Mozilla reassurance: Firefox new-tab page won't be plastered with logos
Nonprofit clarifies plans for how it'll test sponsored content on pages that show when users open new browser tabs.
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"A lot of our community found the language hard to decipher, and worried that we were going to turn Firefox into a mess of logos sold to the highest bidder; without user control, without user benefit," said Johnathan Nightingale, Mozilla's vice president of Firefox, in a blog post. "That's not going to happen. That's not who we are at Mozilla."
But the new-tab page still could carry sponsored content from "hand-picked partners," and Mozilla plans to experiment with that in the future.
Mozilla hadn't actually shown any ads thus far, said Darren Herman, vice president of content services, in a statement. "None of the tiles are sponsored at this time because the goal of initial experiments is to measure user interest and value of recommended content. Sponsorship would be the next stage once we are confident that we can deliver user value."
The new-tab page has been a source of revenue for browser rival Opera Software. Partners have paid it for years for access to the "speed dial" page that grants quick access to Web pages. Getting people to discover new services and apps is always tough, as seen by the existence of the search-engine optimization industry and the jockeying to get good placement in app stores, and money can help bring things to consumers' attention.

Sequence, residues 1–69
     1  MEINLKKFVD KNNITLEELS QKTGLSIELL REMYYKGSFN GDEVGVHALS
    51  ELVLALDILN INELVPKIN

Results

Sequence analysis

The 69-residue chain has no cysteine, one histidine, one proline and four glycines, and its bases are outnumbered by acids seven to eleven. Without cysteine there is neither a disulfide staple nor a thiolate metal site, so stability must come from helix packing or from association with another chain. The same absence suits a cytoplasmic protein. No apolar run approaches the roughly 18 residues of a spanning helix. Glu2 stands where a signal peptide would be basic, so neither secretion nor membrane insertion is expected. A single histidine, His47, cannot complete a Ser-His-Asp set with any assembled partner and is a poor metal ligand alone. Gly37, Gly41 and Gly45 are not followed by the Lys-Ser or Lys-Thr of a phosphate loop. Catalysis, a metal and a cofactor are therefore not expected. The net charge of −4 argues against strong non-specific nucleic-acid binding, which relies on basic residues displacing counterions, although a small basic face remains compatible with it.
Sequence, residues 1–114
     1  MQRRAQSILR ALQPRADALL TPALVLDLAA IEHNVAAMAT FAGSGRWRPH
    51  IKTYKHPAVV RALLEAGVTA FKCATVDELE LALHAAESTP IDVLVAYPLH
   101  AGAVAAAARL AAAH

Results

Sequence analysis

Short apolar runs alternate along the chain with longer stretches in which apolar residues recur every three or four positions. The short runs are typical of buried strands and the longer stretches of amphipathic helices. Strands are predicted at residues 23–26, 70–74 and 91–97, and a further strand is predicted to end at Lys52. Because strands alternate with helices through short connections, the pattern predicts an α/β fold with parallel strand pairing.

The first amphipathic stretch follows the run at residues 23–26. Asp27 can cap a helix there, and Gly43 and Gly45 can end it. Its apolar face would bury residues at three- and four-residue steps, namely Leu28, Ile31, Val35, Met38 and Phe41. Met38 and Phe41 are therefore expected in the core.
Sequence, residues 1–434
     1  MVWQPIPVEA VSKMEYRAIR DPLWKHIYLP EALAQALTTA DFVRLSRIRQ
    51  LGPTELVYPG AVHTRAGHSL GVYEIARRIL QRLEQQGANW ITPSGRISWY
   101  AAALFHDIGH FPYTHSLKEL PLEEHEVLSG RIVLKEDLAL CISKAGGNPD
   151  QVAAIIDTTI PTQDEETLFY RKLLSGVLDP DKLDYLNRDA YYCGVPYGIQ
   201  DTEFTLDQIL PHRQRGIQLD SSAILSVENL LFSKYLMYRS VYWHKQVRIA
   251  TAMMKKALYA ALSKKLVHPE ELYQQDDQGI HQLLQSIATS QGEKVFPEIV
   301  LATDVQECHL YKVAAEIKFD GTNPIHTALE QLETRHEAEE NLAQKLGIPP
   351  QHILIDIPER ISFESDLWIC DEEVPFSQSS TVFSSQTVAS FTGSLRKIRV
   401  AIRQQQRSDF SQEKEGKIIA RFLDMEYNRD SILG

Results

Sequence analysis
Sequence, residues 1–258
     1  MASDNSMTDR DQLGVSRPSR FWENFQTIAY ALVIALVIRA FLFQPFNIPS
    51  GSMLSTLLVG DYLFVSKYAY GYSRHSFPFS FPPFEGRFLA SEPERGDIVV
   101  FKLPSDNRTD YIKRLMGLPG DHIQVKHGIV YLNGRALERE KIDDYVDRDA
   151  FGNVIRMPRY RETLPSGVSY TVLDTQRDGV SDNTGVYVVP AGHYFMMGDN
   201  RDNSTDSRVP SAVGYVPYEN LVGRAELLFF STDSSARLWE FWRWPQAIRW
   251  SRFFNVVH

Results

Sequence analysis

For Mozilla, sponsored content on the new-tab page could also help diversify revenue from its primary source, Google, which pays Mozilla a portion of search-ad revenue that Firefox sends to the search engine.
Tests are in the works, Nightingale said.
"In the coming weeks, we'll be landing tests on our prerelease channels to see whether we can make things like the new-tab page more useful, particularly for fresh installs of Firefox, where we don't yet have any recommendations to make from your history," Nightingale said. "We'll test a mix of our own sites and other useful sites on the Web. We'll mess with the layout. These tests are purely to understand what our users find helpful and what our users ignore or disable -- these tests are not about revenue and none will be collected."
The ad model has been an interesting development for Mozilla, which has been sharply at odds with online advertisers about the Do Not Track technology. DNT is designed to let people tell Web publishers and advertisers they don't want their behavior on Web sites tracked, despite advertisers' claims that such tracking leads to ads that better match the interests of the audience who sees them.
Mozilla, though, has privacy and user control at the center of its mission. The DNT effort, however, has stalled over thus-far irreconcilable differences between privacy advocates and the advertising industry.
Correction, 1:06 p.m. PT: This story originally reported that Mozilla is dropping its plan for sponsored content altogether. That's not the case. The headline and the story have been corrected to clarify.